I want to be an individual person who travels, can be spontaneous, reads books in the quiet, gets massages, and spends money on me and the things I like.  I want alone time.  I want to sleep for at least 8 hours a night, every night.  I like going to the bathroom all by myself (which apparently is a luxury once you have kids according to several people I know).  I want to be able to go to a nice restaurant without worrying about a babysitter.  I also want to be able to enjoy said restaurant without being disturbed by your screaming, food-throwing kid (yes, I support the no-kids-allowed movement).  That probably makes me self-centered – but at least I’m honest with myself and I know who I am.

Probably the most important thing I want to say today is this: People who choose not to have children should be accepted as just as normal as those who do have children.  I would like people to think twice before they ask things like, “So when you are two planning on having kids?”  Why should I be expected to have a child just because you did or my Mom did or America is overflowing with children?  I want to challenge the notion that you have to have children in order to “leave your mark on the world.”  I believe I can leave a legacy without creating another human being.  I can contribute to the world in other ways.  I know that I’m missing out on an “experience,” but I can live with that because I will have a lot of other ones.

I have also heard that studies show that a child-free marriages can be more satisfying.  I know for a fact that is true in my marriage.  Not only because of all the things I listed above, but also because I can’t imagine bringing the chaos and responsibility of a child into our already-complicated situation.  If I’m 100% honest, I would never want to raise children with a sex addict.  Besides, we need to be focusing on just us and our marriage.  We need to be able to connect with each other without distractions.  We need to just enjoy life and all it has to offer without kids.  There are perks.  Dual income not stretched thin by more mouths to feed.  The freedom to explore, travel on a whim, and move around.  The ability to sleep in on a Saturday morning, cuddle up, and not worry about how much noise we make if things go farther.

There are so many other reasons I have made this decision and so many other benefits of being childless that I could list, but I’m not going to.  The truth of the matter is that I don’t have to justify my choice not to have children anymore than people with children have to justify theirs.  I did want to offer my perspective, though.  I wanted to put it out there.  It has been something on my mind, especially as we go through healing our marriage.  I have so much respect for those of you that are doing it with multiple kids involved (or even just one for that matter).  I am also eternally grateful that I don’t have that added layer of complication to handle right now.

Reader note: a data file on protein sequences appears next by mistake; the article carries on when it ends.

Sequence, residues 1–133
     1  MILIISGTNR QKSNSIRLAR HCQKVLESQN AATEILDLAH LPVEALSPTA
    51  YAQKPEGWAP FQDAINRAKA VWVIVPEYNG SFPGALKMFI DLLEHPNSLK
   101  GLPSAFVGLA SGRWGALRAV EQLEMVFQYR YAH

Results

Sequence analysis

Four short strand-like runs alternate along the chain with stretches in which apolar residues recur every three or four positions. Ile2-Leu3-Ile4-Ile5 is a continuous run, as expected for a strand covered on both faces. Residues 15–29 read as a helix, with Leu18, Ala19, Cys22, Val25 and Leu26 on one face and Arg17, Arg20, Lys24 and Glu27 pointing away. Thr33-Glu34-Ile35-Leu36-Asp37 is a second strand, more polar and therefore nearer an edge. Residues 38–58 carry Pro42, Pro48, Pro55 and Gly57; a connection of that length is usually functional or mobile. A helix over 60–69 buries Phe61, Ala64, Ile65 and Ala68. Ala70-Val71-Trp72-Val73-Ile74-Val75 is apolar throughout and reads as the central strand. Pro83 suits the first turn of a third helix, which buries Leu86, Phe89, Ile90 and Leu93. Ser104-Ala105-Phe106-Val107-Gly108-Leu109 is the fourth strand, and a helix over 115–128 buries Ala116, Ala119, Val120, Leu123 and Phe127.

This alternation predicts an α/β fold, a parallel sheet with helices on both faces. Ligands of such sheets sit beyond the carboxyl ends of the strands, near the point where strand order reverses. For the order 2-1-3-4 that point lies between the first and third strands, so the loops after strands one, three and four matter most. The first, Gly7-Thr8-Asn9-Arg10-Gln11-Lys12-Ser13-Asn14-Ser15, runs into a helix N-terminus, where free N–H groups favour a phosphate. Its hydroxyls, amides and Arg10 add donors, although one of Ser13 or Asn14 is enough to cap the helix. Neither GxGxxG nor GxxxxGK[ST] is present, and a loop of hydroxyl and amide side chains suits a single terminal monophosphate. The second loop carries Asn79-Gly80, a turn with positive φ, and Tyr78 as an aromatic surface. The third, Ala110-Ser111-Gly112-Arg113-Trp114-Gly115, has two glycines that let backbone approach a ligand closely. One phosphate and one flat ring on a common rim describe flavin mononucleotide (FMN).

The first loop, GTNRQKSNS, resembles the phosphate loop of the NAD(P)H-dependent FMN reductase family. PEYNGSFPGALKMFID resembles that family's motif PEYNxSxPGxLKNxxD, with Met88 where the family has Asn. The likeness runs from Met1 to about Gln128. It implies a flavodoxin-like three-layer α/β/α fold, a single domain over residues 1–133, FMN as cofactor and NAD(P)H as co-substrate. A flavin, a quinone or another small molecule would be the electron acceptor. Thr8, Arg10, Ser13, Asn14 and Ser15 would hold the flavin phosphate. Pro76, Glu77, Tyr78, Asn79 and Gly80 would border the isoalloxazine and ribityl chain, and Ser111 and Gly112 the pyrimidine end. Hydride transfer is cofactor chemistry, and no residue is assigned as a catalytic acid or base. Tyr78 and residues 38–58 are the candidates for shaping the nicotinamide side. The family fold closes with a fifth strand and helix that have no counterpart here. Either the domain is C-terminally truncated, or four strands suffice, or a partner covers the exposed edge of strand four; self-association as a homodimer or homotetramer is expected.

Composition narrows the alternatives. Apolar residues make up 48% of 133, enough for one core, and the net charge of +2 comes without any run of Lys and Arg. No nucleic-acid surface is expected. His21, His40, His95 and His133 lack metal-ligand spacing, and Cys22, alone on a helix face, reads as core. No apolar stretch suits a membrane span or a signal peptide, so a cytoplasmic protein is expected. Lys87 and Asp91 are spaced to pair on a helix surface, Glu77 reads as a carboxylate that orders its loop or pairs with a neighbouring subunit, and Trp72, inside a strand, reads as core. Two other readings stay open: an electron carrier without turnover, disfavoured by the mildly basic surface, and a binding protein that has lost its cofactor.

19 Responses to “Being Childless by Choice”

  1. buckwheatsrisk October 14, 2012 at 9:37 pm #

    i understand this totally. Hubby and i can’t have children and although we went through IVF three times and lost 7 babies. i have to admit i’m not sure i wanted to be a mother. i don’t know that i would make a very good one. i more so tried because Hubby wanted them so badly. i’m sure if i had one, i would have loved it dearly…there must be a small part of me that wanted one somewhere as every so often when some announces their pregnancy, i find myself in tears but i’m fairly content not being a mother. 🙂

    • beautifulmess7 October 14, 2012 at 9:40 pm #

      There are all sorts of reasons that people can’t have children. My heart hurts for those that want them, but can’t. I have thought about being a surrogate or donating my eggs. As far as I know, I can have children… I just don’t want to.

      I considered having children with my husband early on. I knew that he has always wanted a child, at least partially. I almost caved in for him. I was seriously considering it when I discovered he is a sex addict. That changed everything for me.

      First of all, it shored up the belief I have always had that I do not want to be a mother. Secondly, it made me really consider what I would be bringing that child into. I don’t think having a sex addict father is healthy, especially one in early recovery who still acts immaturely and lies. I’m glad I made that choice.

      • buckwheatsrisk October 14, 2012 at 9:46 pm #

        i really respect you making that choice. i get really upset at those that have no earthly business having children, having them. i see it so much, it makes me sad. at least you know where you stand in your heart and you are being true to yourself. i’m so glad you didn’t cave with your present situation. xo

  2. Lee Kaplanian August 12, 2012 at 1:58 pm #

    When I got married in 1969 – yes, I’m that old – I kept hearing questions about having children. We were married in Australia and one answer was – “If we have kids, we won’t be able to go back to the States”. I worked in a small department store in a very small farming town out in the boondocks of New South Wales. One customer used to come in and we would talk – she has one son about 8 or so. People kept asking her when they were going to have another, she had a great answer for them. “We haven’t found the recipe yet”.